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Rhode Island Latest State to Adopt Paid Sick Days

October 5, 2017
 
Rhode Island’s governor recently signed a sick-leave law to take effect on July 1, 2018. The Ocean State thus joins Connecticut, Massachusetts and Vermont among New England states with sick leave laws.
 
On the west coast, Arizona, California, Oregon and Washington have also adopted sick-leave laws.   
 
Since 2008, 39 cities, counties or states have passed paid sick-day laws. Some of the cities include Chicago, Minneapolis and St. Paul, Pittsburgh, New York City and Washington D.C.      
 
The Rhode Island law is called the “Healthy and Safe Families and Workplaces Act.” The law requires employers with 18 or more employees in Rhode Island to provide one hour of paid leave for every 35 hours worked up to a statutory ceiling, like the Massachusetts law. Unlike the Massachusetts law, it will phase in over the following two years until there is a maximum of five sick days per year. The schedule is as follows: 
 
July 1, 2018 – up to 3 days (24 hours) 
July 1, 2019 – up to 4 days (32 hours) 
July 1, 2020 – up to 5 days (40 hours) 
 
Employers with fewer than 18 employees in Rhode Island must provide the same amounts of job protected leave, but it may be unpaid. 
 
The new Rhode Island law explicitly states that no municipality (e.g. Providence) may require an employer to provide more paid leave benefits than what is required under the state law. 
 
Unlike in Massachusetts, seasonal workers are exempt from the benefits of the law, but they are still protected from retaliation at work if they take unpaid time off. 
 
Employees will begin to accrue eligibility beginning July 1, 2018 or the date they begin employment -  whichever is later. Most new hires will accrue sick time immediately, but must wait up to 90 calendar days to begin to use the time. Temporary employees must wait up to 180 days to qualify and seasonal workers must wait up to 150 days. 
 
The new law provides that the sick time may be used for the following reasons: 
 
An employee's mental or physical illness, injury or health condition;  
  • an employee's need for medical diagnosis, care, or treatment of a mental or physical illness, injury or health condition;  
  • an employee's need for preventive medical care;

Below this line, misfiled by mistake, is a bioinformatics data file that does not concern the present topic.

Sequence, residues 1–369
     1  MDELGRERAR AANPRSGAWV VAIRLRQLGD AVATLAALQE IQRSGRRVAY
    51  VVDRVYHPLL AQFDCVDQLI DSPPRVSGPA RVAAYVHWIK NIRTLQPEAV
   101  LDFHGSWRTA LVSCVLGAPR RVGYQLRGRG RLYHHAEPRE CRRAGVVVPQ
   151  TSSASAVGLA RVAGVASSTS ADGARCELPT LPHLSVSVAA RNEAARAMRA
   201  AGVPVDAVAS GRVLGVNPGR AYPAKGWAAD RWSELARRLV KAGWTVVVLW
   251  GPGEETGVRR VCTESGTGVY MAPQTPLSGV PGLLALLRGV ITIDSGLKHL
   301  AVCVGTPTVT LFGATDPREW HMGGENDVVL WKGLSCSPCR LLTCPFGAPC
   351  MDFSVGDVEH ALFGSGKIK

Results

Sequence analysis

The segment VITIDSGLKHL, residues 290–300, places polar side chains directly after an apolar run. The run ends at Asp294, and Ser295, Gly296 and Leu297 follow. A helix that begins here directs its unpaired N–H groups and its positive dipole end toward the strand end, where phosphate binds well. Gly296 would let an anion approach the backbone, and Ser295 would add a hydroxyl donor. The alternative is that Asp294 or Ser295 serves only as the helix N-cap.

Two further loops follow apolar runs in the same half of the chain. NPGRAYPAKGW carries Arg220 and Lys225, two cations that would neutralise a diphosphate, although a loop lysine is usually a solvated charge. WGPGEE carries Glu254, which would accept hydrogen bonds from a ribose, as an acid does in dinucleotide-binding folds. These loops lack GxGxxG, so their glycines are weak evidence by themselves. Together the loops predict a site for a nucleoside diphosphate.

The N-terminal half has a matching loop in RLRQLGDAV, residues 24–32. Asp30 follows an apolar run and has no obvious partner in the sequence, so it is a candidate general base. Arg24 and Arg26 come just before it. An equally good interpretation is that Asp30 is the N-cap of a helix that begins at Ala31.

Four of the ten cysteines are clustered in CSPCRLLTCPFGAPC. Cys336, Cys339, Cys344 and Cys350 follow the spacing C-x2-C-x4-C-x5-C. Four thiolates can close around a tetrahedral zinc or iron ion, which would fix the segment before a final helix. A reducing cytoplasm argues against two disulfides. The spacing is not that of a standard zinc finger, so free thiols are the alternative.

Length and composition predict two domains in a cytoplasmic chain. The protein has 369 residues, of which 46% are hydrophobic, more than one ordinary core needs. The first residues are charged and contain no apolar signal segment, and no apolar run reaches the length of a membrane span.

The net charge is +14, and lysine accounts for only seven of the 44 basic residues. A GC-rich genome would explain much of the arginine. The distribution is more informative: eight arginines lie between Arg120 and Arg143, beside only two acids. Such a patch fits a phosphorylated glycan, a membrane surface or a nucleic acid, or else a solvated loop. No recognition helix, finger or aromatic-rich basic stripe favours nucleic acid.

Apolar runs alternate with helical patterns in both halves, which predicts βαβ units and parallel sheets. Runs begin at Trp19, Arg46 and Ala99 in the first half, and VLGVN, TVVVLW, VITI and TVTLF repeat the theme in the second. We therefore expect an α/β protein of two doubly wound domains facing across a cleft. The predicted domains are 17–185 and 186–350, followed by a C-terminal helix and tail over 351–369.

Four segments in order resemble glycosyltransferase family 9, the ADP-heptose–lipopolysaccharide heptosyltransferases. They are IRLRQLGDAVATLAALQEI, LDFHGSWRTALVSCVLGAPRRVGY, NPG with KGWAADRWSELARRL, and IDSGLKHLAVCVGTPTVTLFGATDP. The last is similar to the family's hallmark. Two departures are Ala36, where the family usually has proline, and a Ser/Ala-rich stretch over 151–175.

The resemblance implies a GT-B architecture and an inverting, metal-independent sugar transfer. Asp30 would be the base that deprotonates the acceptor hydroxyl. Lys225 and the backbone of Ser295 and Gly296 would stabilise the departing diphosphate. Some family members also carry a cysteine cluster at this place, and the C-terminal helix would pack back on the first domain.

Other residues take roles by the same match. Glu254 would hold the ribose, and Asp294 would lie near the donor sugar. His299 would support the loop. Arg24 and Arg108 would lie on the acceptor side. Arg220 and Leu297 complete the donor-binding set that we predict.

Care of a family member with a mental or physical illness, injury or health condition;  
  • Care of a family member who needs medical diagnosis, care, or treatment of a mental or physical illness, injury or health condition; care of a family member who needs preventive medical care; 
 
Closure of the employee's place of business by order of a public official due to a public health emergency or an employee's need to care for a child whose school or place of care has been closed by order of a public official due to a public health emergency, or care for oneself or a family member when it has been determined by the health authorities having jurisdiction or by a health care provider that the employee's or family member's presence in the community may jeopardize the health of others because of their exposure to a communicable disease, whether or not the employee or family member has actually contracted the communicable disease; or
  
Time off needed when the employee or a member of the employee's family is a victim of domestic violence, sexual assault or stalking.  
 
Employers who are already providing their employees with paid leave that meets the new standards will be exempt from the law. Any employer intending to rely on its Massachusetts sick leave policy needs to review the four permitted reasons listed above, especially number 3, to make sure their policy complies. Otherwise you will need to adopt a Rhode Island specific policy.  
 
AIM members interested in details of the new law may access a copy here
 
Please contact the AIM Employer Hotline at 800-470-6277 if you have questions about this or any other HR-related issue.   
 
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